Several municipal leaders in the Greater Montreal area have already deemed the pipeline too environmentally risky.
Including 28 beaver ponds.
I know that the term "ethical oil" has some blemishes on it because of issues surrounding its origin, but I believe in the concept behind the term. I want my personal gasoline purchases to go towards subsidizing medicare and not subsidizing a despot or paying for a tyrant to bomb his neighbour.
A seven-year saga comes to an end.
Just about every aspect of our lives involves a certain amount of risk, of course. It's all about risk management. And indeed, despite the occasional high-profile accident like last week's spill in California, pipelines in general remain very safe. One realistic alternative to transporting Canadian oil by pipeline is transporting that same oil by train or by truck. Yet both of these methods of transport are less safe than pipelines. Logically, then, we should transport as much oil as we can by pipe, and as little as possible by rail or road.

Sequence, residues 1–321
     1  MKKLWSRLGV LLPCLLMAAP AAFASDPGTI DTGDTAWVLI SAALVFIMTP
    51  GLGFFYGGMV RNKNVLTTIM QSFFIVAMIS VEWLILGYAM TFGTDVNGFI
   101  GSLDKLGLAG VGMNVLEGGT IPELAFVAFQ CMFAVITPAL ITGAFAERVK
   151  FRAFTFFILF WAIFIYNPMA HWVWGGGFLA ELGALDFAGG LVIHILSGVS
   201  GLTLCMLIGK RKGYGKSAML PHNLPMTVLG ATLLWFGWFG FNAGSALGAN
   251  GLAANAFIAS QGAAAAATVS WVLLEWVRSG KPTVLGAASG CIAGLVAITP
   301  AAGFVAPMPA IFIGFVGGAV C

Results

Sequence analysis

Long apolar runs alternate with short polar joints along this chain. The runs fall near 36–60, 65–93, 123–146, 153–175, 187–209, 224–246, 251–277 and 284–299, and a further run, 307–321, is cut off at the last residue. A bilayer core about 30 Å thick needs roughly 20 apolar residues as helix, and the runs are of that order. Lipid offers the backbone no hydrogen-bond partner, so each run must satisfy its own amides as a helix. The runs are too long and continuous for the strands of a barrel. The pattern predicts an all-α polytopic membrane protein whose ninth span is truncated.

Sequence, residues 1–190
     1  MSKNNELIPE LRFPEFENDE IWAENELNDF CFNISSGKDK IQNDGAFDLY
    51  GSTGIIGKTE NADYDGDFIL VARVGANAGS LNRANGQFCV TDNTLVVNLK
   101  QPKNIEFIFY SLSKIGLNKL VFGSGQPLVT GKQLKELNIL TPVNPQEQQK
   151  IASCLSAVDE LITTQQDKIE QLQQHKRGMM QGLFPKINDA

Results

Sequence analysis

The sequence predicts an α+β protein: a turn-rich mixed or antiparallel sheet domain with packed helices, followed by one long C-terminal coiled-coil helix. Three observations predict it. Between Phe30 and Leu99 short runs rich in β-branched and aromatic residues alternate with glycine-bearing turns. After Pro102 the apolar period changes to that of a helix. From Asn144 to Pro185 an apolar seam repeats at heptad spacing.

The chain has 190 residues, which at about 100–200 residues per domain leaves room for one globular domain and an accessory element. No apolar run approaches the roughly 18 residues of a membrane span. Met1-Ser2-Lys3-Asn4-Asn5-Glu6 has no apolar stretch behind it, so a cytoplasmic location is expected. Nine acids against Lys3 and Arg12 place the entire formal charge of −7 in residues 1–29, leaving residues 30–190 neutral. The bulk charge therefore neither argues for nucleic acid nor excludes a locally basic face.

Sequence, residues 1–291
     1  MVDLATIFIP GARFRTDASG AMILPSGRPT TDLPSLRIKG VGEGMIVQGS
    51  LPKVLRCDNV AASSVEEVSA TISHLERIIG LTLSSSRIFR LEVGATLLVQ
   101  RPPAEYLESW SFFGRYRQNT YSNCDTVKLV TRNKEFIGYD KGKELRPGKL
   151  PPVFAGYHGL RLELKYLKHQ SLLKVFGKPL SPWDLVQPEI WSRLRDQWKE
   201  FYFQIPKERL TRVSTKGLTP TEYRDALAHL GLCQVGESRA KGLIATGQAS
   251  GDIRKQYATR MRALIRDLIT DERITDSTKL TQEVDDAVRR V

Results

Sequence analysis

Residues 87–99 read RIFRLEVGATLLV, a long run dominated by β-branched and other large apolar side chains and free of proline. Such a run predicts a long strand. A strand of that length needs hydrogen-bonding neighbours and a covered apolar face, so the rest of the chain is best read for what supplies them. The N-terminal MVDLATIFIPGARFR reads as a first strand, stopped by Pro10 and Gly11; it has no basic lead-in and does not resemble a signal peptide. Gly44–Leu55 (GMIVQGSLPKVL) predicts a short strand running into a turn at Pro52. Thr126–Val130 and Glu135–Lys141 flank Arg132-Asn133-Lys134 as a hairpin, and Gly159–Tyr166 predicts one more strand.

TransCanada's strategy to hoister its Energy East pipeline on the Quebec public has been unmasked, and Quebecers don't buy the company's sales pitch. Quebec citizens, not to mention citizens worldwide, have done their homework and based on the science, the facts and the statistics are keenly aware that the risks inherent in this proposed pipeline.
Pipeline and oil-by-rail industries are largely self-regulated and neither is held to high enough safety standards. Nor are they showing responsibility to communities by being forthright about the chemicals that are passing through waterways either by rail or by pipe.
The St. Lawrence Estuary beluga whale population is listed as threatened and protected under the Species at Risk Act, and has been officially protected by the Canadian Fisheries Act since 1979. We naturally run into concern when those trusted to protect these species are scrubbing their content to make it more friendly for oil interests who are rummaging around for an alternate route to the ocean.
Proponents of Energy East, from Stephen Harper to the Irving family in New Brunswick have called the Energy East project a "nation builder." The truth is, they may be right, but not in the way they're hoping
The U.S. State Department's report on the Keystone XL pipeline may pave the way for the project's approval but as for Alison